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Since we know how important at-home-entertainment is for all of us – every week we do a little “what’s getting released on DVD/on demand/Netflix this week” round up for you, with nice little excerpts of our past reviews and more. You’ll love it. Trust us. This week we’re helping you see spy thrillers from the mid-aughts:


  • Escape Plan 2: Hades. Here’s Brian Ordurf over at Blu-ray.com:
    When it was released in America in 2013, Escape Plan was sold as a major reteaming of action heroes Sylvester Stallone and Arnold Schwarzenegger, pairing up for a prison break feature that was a bit more dramatic in execution, failing to live up to standards set by modern adventure pictures and the burning presence of nostalgia. Escape Plan didn’t do big business in the states, but it performed better than expected in China, which claimed a sizable slice of the film’s international gross. Never one to leave a paycheck on the table, Stallone returns for Escape Plan 2, which transforms a one-shot concept into a franchise, and one that’s now produced for the Chinese marketplace. Stallone’s here, kind of, but Escape Plan 2 doesn’t have much interest in his participation, going the easy-peasy B-movie route to cough up an inexpensive, easily marketable sequel that’s led by actor Xiaoming Huang, not Stallone.

INSTANT VIEWING OF THE WEEK (spy thrillers edition):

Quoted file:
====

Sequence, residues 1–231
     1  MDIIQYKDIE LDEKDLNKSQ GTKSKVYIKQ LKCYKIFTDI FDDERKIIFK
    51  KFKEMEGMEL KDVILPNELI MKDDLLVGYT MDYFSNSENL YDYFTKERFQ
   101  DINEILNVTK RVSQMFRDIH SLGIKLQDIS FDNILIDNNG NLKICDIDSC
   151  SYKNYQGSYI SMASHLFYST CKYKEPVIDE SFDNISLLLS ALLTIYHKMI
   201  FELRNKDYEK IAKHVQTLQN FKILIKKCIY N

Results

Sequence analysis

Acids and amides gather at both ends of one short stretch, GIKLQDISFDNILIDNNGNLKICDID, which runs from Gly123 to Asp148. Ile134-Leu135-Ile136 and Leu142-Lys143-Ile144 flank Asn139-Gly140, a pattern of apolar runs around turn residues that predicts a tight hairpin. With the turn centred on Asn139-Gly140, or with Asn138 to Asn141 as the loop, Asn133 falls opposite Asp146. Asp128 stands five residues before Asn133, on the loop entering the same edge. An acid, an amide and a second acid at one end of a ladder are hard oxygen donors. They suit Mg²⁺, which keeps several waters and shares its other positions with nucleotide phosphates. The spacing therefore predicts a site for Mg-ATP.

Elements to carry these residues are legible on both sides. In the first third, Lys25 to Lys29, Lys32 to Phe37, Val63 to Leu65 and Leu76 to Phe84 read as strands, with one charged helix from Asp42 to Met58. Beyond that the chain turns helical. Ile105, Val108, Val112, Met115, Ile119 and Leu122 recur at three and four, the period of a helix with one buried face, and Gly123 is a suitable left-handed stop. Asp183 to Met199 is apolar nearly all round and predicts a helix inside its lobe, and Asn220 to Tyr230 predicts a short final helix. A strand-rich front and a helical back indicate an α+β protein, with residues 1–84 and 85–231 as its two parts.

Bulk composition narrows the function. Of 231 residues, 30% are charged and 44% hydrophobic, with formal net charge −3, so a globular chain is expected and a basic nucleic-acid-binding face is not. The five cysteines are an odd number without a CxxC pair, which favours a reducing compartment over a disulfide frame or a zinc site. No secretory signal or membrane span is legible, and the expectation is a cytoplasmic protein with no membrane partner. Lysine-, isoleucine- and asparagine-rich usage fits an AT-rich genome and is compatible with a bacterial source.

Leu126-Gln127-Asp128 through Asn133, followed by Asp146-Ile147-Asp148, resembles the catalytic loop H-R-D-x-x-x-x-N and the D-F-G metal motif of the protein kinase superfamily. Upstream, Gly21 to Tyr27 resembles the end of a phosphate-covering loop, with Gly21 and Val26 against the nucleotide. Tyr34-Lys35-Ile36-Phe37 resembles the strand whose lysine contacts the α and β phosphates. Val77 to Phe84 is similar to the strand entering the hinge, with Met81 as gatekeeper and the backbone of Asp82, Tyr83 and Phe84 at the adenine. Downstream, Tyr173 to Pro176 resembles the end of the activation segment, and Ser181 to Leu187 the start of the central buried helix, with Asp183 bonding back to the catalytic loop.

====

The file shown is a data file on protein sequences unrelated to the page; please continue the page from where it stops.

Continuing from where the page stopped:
• Breach (now on Amazon Prime). Here’s what we said in our Scene in DC column:
    Breach gets D.C. right because of the small details: characters use the right Metro station, Eric’s apartment looks like what you would expect from a GS11, and the climax takes place in Rock Creek Park at night. Still, the film’s storytelling masterstroke is to use D.C. as part of the story. There is a suspense sequence where Hansen is due back to the office too early, and to bide time, Eric puts both of them into a traffic jam on Ohio Drive. Few things are more demoralizing than D.C. rush hour, and here the film uses that ubiquitous problem for dramatic effect.

  • Body of Lies (now on Netflix). Here’s what we said in our original review:
    The movie’s strongest aspect is its understanding of espionage. Unlike James Bond, Ferris isn’t particularly showy. He’s not one to sip on shaken vodka martinis – in one scene, both he and Hoffman share about a dozen Budweisers. The strategy these two develop is kind of brilliant – they invent a more sinister terrorist, which sparks Al-Saleem’s jealousy, causing him to let down his defenses. As with many spy movies, personal interests get in the way of the ultimate objective. For someone so competent, it’s hard to believe that Ferris lets himself get caught up with Aisha, an Iranian nurse. Hoffman first appears like a cut of the Cheney mold: victory at all costs, collateral damage be damned. The screenplay, written by William Monahan, slowly flushes out the Crowe character. He ends up not as evil as I initially thought.

  • The Kingdom (now on Netflix). Here’s AO Scott over at The New York Times:
    Just as Rambo offered the fantasy of do-over on Vietnam, The Kingdom can be seen as a wishful revisionist scenario for the American response to Islamic fundamentalist terrorism. In some ways it’s an anti-Iraq movie, not because it expresses opposition to the war there but rather because it makes no mention of it. Instead, the film spins a cathartic counternarrative. After a murderous terrorist attack a few of our best people — four, rather than a few hundred thousand — go over to the country that spawned the terrorists, kill the bad guys and come home. And they even leave the door open for a sequel.